Globalizatoin Appears to be a One-Way Street
July 22, 2003
Although they have negotiated the opening of markets in developing countries to their goods through the World Trade Organization (WTO), the developed countries are unwilling to open their own markets to agricultural products from developing countries, says the New York Times.
- While nearly one billion people struggle to live on $1 a day, European Union cows receive a net average $2 apiece in government subsidies.
- Japan, a country that prospered like no other by virtue of its ability to gain access to foreign markets for its televisions and cars, retains astronomical rice tariffs.
- The developed world's $320 billion in farm subsidies last year dwarfed its $50 billion in development assistance.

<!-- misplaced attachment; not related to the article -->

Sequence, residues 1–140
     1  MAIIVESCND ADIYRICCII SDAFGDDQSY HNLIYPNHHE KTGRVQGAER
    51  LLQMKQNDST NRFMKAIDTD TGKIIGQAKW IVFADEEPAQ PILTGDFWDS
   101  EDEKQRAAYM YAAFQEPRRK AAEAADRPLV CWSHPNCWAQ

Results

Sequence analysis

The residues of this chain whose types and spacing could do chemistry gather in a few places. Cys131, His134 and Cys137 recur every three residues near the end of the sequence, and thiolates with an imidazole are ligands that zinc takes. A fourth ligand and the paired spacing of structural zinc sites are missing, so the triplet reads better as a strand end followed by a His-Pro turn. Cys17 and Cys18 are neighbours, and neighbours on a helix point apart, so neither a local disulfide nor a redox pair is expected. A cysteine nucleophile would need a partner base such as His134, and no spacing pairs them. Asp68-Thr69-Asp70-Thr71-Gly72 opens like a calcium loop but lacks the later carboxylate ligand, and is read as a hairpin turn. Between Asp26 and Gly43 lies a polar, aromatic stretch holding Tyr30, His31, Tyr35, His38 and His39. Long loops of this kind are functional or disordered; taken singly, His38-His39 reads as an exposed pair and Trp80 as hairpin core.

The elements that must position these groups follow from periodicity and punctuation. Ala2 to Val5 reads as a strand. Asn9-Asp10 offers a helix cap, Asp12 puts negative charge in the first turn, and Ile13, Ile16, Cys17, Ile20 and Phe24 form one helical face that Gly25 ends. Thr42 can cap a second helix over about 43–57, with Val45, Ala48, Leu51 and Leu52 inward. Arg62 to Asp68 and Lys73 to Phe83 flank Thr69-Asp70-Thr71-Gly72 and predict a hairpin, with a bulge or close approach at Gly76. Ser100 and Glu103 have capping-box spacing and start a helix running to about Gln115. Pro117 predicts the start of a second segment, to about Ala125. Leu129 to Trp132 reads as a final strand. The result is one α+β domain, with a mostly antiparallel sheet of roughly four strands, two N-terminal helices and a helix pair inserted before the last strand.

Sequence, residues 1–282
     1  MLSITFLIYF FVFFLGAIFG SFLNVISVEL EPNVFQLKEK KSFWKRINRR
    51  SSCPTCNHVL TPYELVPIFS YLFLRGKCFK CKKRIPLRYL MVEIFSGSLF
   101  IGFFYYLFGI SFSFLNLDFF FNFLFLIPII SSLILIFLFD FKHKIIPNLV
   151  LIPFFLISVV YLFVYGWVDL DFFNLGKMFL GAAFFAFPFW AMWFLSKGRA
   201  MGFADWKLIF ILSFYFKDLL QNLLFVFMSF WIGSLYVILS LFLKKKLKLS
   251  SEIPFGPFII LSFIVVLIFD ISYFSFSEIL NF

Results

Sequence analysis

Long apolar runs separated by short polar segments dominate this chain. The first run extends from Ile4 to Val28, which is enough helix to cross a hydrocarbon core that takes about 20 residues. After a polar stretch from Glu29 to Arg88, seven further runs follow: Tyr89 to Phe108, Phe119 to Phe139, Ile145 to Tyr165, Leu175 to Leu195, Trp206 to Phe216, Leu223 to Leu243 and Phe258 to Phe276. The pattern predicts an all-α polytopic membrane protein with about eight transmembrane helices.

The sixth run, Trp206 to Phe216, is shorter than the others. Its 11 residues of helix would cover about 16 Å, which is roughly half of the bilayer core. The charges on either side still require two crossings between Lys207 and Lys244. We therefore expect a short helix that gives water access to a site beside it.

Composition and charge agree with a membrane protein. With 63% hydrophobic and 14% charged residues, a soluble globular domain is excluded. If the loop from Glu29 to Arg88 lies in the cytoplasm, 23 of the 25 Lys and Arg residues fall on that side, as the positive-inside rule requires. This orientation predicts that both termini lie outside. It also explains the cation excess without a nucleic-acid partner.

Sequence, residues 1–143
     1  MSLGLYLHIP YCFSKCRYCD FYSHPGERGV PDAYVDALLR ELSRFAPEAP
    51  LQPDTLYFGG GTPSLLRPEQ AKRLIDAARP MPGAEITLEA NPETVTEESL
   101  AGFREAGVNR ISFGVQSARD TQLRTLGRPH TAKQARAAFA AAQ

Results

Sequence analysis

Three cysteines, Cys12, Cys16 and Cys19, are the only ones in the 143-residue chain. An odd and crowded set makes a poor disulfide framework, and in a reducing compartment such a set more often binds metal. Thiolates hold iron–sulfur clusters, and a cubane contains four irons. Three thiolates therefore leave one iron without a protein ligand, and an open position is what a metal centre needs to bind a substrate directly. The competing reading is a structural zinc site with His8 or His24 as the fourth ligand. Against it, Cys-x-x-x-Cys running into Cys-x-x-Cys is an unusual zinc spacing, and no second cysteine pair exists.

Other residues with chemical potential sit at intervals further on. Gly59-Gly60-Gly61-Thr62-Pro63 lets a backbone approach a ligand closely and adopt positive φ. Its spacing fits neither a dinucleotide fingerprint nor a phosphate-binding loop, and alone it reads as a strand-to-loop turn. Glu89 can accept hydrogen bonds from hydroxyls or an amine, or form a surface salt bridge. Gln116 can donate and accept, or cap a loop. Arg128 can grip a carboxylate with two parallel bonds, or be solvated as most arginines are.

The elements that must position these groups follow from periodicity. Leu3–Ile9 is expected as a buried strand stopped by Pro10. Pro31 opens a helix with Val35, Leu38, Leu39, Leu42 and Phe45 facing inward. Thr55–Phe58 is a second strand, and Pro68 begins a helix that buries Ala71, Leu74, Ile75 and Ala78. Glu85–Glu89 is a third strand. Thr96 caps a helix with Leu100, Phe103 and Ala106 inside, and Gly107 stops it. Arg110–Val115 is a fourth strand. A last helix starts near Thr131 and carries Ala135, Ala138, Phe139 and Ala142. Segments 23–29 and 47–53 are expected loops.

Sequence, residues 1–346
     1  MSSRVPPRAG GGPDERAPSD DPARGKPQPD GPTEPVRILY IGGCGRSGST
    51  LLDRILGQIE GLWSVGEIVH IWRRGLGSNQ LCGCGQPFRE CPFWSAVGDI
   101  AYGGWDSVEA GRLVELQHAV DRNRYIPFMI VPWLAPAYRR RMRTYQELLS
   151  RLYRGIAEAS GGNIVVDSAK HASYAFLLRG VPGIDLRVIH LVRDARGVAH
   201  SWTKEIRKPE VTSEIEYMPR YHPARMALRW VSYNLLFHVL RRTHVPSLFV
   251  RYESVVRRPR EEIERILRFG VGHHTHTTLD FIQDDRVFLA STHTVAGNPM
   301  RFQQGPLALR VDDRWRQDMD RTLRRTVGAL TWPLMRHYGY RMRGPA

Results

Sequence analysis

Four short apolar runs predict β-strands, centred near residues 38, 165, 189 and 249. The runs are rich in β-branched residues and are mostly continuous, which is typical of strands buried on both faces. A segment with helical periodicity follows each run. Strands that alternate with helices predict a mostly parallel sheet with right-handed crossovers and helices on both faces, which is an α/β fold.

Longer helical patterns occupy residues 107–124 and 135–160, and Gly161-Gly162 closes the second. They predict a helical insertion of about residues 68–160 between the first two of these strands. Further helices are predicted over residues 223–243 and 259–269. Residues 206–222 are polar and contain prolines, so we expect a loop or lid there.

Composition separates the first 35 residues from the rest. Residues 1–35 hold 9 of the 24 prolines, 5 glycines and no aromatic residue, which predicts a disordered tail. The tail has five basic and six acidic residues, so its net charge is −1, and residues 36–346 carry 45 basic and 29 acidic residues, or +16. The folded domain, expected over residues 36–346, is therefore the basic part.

- President Bush's pledge to increase foreign aid was followed by his signing of a farm bill providing $180 billion in support to American farmers over the next decade.
Since the Philippines joined the WTO eight years ago, American corn growers have received an astonishing $34.5 billion in taxpayer support, according to an analysis of government data by the Washington-based Environmental Working Group. This helps explain how America is able to export corn at only two-thirds its cost of production, notes the Times.
Source: Editorial, "The Rigged Trade Game," New York Times, July 20, 2003.
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